- How to create an overview of embryos then select the ones with the right orientation and expression levels for further imaging
- How to perform a time lapse under stable conditions using the climate control functionality of Mica
- How to combine gentle widefield imaging with high resolution confocal imaging in one experiment
Dr. Oliver Schlicker, Senior Application Manager – Leica Microsystems
Oliver received his PhD in Neuro-Cell-Biology from the University of Heidelberg, Germany. After heading the Imaging Facility at the IZI in Stuttgart, Germany he joined Leica Microsystems Wetzlar in 2008 as Application Manager, responsible for Advanced Fluorescence Widefield Microscopy.
Camilla Autorino, PhD Student – Petridou Group, EMBL Heidelberg
Camilla studies early Zebrafish embryogenesis, working on the link between tissue mechanics and specification of cell fate. She is originally from Italy, where she earned a bachelor’s degree in biology at ‘La Sapienza’ University of Rome, she then moved to Germany for her Master studies in Developmental and Stem Cells Biology at the University of Heidelberg.
MicaCam Episode 02 - original broadcast date: 06th April 2022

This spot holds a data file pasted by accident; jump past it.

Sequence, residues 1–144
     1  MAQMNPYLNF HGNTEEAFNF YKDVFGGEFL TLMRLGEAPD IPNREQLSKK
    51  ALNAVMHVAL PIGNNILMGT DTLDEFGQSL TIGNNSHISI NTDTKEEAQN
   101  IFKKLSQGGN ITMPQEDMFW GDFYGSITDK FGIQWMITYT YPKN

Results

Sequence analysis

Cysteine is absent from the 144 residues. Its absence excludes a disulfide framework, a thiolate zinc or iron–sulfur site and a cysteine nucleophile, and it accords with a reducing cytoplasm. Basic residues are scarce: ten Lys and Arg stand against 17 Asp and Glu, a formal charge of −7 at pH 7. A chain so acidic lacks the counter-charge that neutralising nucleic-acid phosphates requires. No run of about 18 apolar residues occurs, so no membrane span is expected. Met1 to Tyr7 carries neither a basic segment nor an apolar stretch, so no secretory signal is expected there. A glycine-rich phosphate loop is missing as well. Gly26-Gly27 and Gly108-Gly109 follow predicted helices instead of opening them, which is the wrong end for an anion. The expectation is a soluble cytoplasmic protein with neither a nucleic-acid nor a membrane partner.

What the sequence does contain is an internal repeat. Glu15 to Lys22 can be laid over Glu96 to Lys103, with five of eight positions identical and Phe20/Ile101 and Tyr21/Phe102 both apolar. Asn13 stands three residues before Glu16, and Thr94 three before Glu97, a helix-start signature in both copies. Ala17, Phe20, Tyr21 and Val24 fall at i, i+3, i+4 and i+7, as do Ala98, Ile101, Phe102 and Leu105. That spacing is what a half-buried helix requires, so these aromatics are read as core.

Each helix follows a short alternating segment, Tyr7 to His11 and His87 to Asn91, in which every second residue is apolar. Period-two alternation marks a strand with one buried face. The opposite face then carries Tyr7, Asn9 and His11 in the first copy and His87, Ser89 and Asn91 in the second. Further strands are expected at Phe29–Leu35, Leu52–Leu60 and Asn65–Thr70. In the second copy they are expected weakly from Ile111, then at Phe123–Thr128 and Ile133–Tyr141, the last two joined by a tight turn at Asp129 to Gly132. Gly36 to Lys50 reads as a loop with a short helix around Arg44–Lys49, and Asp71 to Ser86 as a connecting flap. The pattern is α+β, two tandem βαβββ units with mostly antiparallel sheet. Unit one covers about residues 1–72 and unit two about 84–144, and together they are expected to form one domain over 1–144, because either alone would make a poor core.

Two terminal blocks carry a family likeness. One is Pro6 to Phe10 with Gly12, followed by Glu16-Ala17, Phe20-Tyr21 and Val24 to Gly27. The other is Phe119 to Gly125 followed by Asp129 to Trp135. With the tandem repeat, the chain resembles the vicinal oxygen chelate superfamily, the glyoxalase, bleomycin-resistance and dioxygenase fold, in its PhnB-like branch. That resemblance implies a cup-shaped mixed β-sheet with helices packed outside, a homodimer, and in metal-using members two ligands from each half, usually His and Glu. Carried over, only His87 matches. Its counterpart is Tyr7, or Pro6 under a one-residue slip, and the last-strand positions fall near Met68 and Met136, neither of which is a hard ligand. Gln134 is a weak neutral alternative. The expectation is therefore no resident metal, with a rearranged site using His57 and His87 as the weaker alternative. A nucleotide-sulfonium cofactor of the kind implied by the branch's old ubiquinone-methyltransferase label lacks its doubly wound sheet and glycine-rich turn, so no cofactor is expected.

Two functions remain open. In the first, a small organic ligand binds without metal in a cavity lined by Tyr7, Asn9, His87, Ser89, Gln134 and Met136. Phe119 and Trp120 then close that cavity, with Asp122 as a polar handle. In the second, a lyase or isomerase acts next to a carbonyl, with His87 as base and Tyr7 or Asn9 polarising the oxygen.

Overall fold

Our guest Camilla Autorino introduces us to her work, which is about studying the emergence of complexity during early phases of zebrafish development. More specifically, her focus is to analyze how changes in tissue properties like tension can impact the overall development of embryos. In this episode of MicaCam, she demonstrates an applicational workflow, going from an overview of embryos to the selection of those with the right expression for further live cell imaging in widefield, followed by high resolution confocal imaging.
The application shows how the stable environmental control of Mica allows the further development several embryos at different stages of development in a single dish. Zebrafish embryos must be kept at 28°C; if the temperature goes higher or lower, they will develop either faster or slower, with different dynamics. This is why the absolute temperature stability and humidity control was important for this type of application.
In addition, as the embryos could be easily identified with two fluorescent markers being expressed simultaneously, the selection of the embryos with the best orientation and expression levels for later imaging steps becomes much easier. Our guest also shows how easy it is to switch from widefield to confocal with Mica, and the automated imaging setup allowed her to acquire all the necessary data sets in much fewer steps compared to conventional microscopy.